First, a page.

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DALLAS — Xavier Foster has been in Texas for only a few months, but the Iowa native and former Iowa State Cyclone already has taken to his new surroundings.
“It’s been great, just adjusting to living in Dallas compared to Iowa, understanding where I’m at and how blessed I truly am,” said Foster, who transferred to SMU earlier this year. “I’m in such a great position. This isn’t one (opportunity) we can blow.”
A high school standout at Oskaloosa, where he averaged 23.4 points, 9.7 rebounds and 3.7 blocks in 16 games as a senior, he played seven games for Iowa State in 2020-21 before his season was cut short by right foot surgery. The 7-foot sophomore arrived at SMU in time for one of Dallas’ hottest summers in recent history.
However, the heat didn’t bother this affable big man.
“That’s what I was asking for. I told everybody I wanted to move somewhere a bit warmer than Iowa because I hate the cold. I’m not complaining,” Foster said.
As of mid-October, he didn’t have his car, a Ford Mustang, in Dallas, so he hasn’t had the chance to explore his new surroundings. However, he has had plenty of time to work out with his new teammates. And he’s already made a favorable first impression on his fellow Mustangs.
“He’s big and not a lot of big people can really shoot,” said SMU sophomore guard Zhuric Phelps. “That’s really going to help us in big-time games, him shooting at crunchtime.”
Foster joins an SMU program currently in transition. In March, Tim Jankovich, a program fixture for the past decade — the last six years as head coach and the previous four as the top assistant under Hall of Famer Larry Brown — announced his retirement. Rob Lanier, who led Georgia State to the 2022 Sun Belt tournament championship and the 2022 NCAA tournament, replaced him.
The Mustangs also must replace their top four scorers from last season, a list headlined by Kendric Davis, the leading scorer (19.4 ppg) in the American Athletic Conference and conference player of the year who transferred to Memphis after Jankovich’s retirement.
However, as one of eight SMU newcomers, Foster has no doubt once this talented group gels, they will win.
“I love this team. I believe we have everything we need as a group,” he said. “It comes down to how quick we can mesh and become a team to know everybody’s going to lock down and make the right play, the right read. Having confidence is going to be the biggest thing. I have no doubt what we can do.”
Foster views his one season in Ames from a glass half-full perspective, an experience which showed him what parts of his game and life he had to improve. One of those changes was being more receptive to feedback from coaches, a lesson which came into play earlier this summer.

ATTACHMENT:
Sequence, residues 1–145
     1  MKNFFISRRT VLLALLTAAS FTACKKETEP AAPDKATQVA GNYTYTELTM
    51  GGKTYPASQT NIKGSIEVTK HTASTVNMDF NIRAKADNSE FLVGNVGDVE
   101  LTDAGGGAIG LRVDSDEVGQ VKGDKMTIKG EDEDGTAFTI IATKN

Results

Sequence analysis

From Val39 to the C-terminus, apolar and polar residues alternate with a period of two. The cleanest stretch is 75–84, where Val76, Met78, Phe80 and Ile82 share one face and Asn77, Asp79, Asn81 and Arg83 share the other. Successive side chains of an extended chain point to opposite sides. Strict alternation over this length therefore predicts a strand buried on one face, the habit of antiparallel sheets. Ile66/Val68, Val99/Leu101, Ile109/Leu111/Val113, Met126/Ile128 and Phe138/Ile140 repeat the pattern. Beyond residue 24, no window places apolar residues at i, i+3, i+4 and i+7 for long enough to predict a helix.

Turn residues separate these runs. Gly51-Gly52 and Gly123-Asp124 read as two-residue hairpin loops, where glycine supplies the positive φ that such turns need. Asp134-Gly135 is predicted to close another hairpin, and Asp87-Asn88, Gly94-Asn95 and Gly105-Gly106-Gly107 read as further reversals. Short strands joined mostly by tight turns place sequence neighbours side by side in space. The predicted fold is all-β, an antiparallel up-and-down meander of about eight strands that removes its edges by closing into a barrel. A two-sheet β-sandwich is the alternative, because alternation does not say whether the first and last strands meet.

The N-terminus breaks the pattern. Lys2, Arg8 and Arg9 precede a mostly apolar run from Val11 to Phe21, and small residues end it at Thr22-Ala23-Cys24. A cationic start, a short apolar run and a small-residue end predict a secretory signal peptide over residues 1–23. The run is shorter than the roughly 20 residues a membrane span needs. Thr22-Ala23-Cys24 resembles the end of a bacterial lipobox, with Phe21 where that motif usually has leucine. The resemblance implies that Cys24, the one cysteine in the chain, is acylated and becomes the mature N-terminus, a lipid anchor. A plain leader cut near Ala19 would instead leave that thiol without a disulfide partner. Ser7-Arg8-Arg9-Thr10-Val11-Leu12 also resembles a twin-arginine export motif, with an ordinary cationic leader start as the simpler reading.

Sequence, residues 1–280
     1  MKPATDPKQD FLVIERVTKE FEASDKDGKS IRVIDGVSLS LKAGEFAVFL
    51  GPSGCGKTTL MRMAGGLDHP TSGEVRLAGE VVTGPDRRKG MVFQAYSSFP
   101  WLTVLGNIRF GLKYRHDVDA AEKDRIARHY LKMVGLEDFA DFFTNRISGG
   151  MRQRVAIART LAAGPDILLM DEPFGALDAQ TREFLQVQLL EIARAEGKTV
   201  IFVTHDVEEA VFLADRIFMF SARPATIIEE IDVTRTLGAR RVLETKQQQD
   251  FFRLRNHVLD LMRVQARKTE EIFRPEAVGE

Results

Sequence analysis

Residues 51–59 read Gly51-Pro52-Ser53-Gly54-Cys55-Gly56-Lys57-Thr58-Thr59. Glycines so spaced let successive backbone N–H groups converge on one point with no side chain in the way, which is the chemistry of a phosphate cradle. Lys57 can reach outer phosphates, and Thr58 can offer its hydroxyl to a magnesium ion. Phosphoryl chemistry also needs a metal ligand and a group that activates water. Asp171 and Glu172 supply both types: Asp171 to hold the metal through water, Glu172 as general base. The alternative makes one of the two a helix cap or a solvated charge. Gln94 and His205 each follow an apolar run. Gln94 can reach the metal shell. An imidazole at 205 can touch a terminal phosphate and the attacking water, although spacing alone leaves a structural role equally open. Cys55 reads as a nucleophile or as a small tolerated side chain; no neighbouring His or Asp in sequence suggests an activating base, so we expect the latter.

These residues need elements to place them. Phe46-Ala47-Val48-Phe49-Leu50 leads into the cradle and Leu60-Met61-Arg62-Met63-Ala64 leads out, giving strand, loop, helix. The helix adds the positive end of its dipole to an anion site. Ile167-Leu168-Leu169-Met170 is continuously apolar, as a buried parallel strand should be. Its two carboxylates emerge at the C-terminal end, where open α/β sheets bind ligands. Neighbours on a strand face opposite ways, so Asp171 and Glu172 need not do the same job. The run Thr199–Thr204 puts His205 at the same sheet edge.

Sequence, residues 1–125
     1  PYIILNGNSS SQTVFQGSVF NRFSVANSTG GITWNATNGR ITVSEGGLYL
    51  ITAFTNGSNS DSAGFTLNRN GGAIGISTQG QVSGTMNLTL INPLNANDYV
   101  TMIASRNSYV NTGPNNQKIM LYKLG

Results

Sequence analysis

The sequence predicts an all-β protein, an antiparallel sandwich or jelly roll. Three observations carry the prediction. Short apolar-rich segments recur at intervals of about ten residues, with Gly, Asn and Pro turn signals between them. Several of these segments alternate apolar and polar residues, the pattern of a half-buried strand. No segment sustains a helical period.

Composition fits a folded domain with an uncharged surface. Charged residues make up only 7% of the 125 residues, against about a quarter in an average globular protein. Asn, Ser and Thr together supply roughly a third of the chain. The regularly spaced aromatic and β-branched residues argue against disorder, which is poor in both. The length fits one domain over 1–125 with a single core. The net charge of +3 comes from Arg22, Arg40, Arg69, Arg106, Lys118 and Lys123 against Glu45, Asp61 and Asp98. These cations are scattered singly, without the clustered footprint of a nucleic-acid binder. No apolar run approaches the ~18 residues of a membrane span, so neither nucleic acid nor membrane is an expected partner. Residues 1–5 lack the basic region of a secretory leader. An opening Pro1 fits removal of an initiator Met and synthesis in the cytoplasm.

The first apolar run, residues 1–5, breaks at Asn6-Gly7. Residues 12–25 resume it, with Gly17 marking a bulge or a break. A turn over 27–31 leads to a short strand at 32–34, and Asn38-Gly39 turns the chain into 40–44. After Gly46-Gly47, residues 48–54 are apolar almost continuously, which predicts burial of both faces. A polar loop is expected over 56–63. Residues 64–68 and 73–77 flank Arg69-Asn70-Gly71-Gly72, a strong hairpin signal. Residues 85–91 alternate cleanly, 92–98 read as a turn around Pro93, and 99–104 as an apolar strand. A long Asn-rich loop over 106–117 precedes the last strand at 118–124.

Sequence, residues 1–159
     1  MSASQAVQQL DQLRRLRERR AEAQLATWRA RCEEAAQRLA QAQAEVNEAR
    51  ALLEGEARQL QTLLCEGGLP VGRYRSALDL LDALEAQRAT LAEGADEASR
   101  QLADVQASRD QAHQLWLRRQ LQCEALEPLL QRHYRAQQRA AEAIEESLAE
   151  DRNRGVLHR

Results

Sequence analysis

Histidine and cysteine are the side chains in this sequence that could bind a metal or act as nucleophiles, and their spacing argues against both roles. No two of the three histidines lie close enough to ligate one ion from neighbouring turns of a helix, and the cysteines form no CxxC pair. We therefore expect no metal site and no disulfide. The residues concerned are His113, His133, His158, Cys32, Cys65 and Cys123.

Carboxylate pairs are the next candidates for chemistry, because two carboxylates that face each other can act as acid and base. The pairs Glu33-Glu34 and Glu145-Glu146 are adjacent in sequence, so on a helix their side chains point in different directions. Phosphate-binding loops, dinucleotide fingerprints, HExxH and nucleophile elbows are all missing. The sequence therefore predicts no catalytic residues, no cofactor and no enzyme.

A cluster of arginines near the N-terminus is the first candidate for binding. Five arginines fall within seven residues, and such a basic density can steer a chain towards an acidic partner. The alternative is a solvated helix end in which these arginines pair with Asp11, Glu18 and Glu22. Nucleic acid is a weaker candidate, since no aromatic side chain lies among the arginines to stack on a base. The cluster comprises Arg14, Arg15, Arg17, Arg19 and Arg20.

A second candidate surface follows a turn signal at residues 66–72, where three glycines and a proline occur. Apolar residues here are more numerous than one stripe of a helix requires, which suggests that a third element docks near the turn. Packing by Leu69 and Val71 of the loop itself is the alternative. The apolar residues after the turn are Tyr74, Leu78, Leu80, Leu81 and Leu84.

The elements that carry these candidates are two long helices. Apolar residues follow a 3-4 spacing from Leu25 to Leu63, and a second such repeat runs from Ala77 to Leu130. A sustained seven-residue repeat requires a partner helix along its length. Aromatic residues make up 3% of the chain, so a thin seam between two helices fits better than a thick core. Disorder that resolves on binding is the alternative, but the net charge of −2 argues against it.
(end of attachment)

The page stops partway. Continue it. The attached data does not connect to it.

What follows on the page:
“Since I’ve been here, I have seen one slip-up in being on time. I was late to a practice,” he said. “The coaches have helped me so much with time management, being 45 minutes early. Since that slip-up, there hasn’t been too much I’ve messed up.”
A foot injury shortened his time at ISU, but that foot is 100 percent healed and Foster is ready to contribute in whatever role Lanier gives him as a Mustang.
“I’ve haven’t felt this good in a long time, feeling confident to contest a shot, block a shot,” he said. “Even running has been so much better, having faith to plant off of my foot to turn, twist and being able to make athletic moves has been incredible.”
Several months ago, Foster uprooted his life, leaving the only state he’d ever lived in, leaving behind friends, family and even his beloved dog, a Cane Corso, and his car for a place where he didn’t know anyone.
However, looking back he realizes deciding to move to Texas was a no-brainer.
“Leaving family was the hardest part because mom’s always at every game. Dad’s been my coach my whole life. It is hard to not be with them, but they’ve been good,” he said. “I try to keep in contact. My parents were always there. I enjoyed playing when we would win. I haven’t been on a winning team in my college career yet. I really haven’t gotten to experience and enjoy that part of the basketball part. We’ll see how it goes.”
Foster said his parents, Kristi and Dajuan, are purchasing an RV to drive to his games. The traveling party will not only include his parents and sister, Dasia, but also the family dogs.
When asked what skills he brings to SMU, he said effort and energy, two qualities every successful basketball team is never short on.
“If I’m not a starter, (I need) to come off the bench and push, run my butt off for three or four minutes,” he said. “With this size, if we’re running hard it’s going to bring open layups and get other people open. There’s (not) anything I can’t bring to the table. If (it’s not) energy, it’s effort, make an extra play on a 50/50 ball, something like that, to help in any way.”
Stephen Hunt is a freelance writer based in Frisco, Texas.